TCS Daily

The Rationality Weapon

By Kenneth Silber - October 25, 2002 12:00 AM

Science - or more precisely, a rational, scientific outlook - is a formidable and so-far largely unrecognized weapon in the war against terrorism and its sponsors. Encouraging scientific and rational thinking in the Arab and Muslim world should be a priority of U.S. policy. But it is a priority that may be overlooked amid the necessary task of curtailing the transfer of knowledge and technology used in weapons of mass destruction.

At present, the Muslim world accounts for a disproportionately small share of the world's science, and relies heavily on technology developed in the West and elsewhere. According to a 1996 article in Middle East Quarterly, 41 predominantly Muslim nations with 20 percent of the world population generate less than 5 percent of the citations in internationally circulated scientific journals.

Moreover, insofar as science and technology have flourished in the Arab and Muslim world, their recent uses notoriously have included terrorism and development of weapons of mass destruction. The current situation is something like a worst case scenario: general scientific and technological backwardness, but growing sophistication in Saddam Hussein's weapons labs and other such places.

And some of this malign knowledge has come from U.S. universities - a fact that has belatedly prompted U.S. officials to develop a plan for stepped-up scrutiny of would-be foreign students interested in subjects such as nuclear technology and bacteriology. A recent study by Georgia State University researchers showed that 1,215 people from countries listed by the State Department as sponsors of terrorism received science and engineering doctorates from U.S. universities during the 1990s - including 147 doctorates in subjects relevant to weapons of mass destruction.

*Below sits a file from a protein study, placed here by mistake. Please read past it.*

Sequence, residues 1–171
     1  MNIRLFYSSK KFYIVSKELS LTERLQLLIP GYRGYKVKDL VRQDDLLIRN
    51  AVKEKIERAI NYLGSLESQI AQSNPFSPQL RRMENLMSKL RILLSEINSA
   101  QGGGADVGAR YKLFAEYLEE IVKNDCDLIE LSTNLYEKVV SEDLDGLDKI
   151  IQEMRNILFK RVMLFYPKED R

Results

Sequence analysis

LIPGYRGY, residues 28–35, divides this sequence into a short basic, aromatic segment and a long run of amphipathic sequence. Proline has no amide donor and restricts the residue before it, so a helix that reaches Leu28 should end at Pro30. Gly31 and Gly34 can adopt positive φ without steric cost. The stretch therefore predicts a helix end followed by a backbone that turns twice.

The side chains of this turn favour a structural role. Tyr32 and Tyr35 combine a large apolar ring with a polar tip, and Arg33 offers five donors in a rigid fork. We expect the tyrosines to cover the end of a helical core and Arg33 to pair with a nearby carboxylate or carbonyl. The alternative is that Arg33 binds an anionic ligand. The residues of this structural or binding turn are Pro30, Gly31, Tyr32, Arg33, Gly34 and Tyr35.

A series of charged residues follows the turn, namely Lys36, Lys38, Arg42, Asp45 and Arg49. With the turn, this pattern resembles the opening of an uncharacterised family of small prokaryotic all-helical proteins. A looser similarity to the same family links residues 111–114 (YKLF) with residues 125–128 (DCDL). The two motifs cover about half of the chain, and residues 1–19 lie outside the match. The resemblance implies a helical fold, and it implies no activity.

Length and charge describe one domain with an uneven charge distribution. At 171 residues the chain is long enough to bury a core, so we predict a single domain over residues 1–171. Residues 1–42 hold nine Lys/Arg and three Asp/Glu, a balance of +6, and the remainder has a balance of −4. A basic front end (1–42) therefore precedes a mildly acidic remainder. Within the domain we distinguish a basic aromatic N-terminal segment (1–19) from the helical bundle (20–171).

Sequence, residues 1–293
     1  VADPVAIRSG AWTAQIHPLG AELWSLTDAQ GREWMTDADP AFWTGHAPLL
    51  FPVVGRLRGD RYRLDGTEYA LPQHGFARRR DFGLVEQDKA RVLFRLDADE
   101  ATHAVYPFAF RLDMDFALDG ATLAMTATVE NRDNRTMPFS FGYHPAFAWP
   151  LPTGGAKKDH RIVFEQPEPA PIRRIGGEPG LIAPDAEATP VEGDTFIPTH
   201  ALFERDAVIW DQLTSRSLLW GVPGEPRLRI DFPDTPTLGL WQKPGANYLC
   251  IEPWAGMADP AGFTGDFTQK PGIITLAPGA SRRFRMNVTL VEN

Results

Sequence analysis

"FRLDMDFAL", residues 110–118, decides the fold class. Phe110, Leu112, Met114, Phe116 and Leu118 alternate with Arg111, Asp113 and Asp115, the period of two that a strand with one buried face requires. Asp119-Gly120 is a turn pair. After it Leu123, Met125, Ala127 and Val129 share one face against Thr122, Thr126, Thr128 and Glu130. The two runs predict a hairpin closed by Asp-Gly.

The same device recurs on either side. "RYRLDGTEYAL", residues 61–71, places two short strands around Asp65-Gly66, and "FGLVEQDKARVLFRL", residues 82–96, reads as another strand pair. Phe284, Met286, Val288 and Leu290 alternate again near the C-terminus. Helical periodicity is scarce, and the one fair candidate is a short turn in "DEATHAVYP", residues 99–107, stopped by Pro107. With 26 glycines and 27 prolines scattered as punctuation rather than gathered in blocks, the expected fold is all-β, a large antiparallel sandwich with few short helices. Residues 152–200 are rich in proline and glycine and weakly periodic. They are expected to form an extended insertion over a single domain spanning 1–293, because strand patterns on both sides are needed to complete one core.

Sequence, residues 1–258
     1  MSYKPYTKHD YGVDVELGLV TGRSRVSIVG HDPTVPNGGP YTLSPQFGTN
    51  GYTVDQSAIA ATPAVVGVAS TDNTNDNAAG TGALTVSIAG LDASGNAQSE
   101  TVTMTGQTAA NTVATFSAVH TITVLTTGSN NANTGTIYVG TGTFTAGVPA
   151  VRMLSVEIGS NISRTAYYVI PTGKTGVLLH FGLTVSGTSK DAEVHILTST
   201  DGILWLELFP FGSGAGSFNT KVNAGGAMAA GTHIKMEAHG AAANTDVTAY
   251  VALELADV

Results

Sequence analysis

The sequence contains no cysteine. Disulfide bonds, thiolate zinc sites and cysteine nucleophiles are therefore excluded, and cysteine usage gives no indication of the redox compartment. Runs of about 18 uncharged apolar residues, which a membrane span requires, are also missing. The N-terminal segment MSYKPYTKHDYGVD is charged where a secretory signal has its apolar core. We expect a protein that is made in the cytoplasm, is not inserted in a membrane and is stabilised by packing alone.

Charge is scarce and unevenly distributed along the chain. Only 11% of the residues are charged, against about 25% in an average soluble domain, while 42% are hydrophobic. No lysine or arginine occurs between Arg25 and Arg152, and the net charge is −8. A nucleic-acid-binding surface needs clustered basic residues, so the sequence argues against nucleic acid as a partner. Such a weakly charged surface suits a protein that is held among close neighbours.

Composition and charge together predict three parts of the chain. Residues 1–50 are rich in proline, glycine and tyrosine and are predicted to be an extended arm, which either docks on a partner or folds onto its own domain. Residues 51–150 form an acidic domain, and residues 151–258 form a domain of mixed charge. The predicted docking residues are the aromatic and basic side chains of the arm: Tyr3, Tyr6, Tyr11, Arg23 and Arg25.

Clamping down on such transfers of deadly knowledge and technology is crucial. But it should be only one prong of a twofold approach to dealing with science in the Muslim world. The other priority is that the U.S. should take responsible steps to promote science in that world. We should make science programming part of our official radio broadcasts (and future television broadcasts) into the region. We should make science education a part of our aid programs - and a priority in the school system of a future occupied Iraq.

Why? A relatively obvious reason is that growing scientific and technological literacy is necessary for economic prosperity, which in turn is necessary if Arab and Muslim countries are to become increasingly stable and democratic. A less obvious, but no less important, reason is that scientific thinking, with its emphasis on evidence and rationality, can serve as an antidote to religious and political extremism and conspiracy theorizing.

Granted, it is possible for science and fanaticism to coexist in a society or indeed in an individual's mind. But it becomes harder. It is more difficult for a medieval view of the world to prevail among people who have some familiarity with science. It is harder for conspiracy theories to take hold when people have learned to seek evidence and apply logic. And it is more difficult to attract people to the horror of "martyrdom" when they have knowledge and skills that could be used to provide a better life for their families.

Inculcating scientific and rational thinking is the opposite of brainwashing. It is giving people tools to think for themselves. And in the Arab and Muslim world, this would be in keeping with a profound and proud heritage. Many of the brightest stars in the sky are known by their Arabic names. These include Altair ("the flying one"), Aldebaran ("the follower") and Rigel ("the foot"). These names are a reminder of the Muslim world's scientific Golden Age (roughly 900-1200 A.D.), which included advances in astronomy, botany, chemistry and other sciences. Things changed, and they can change again.



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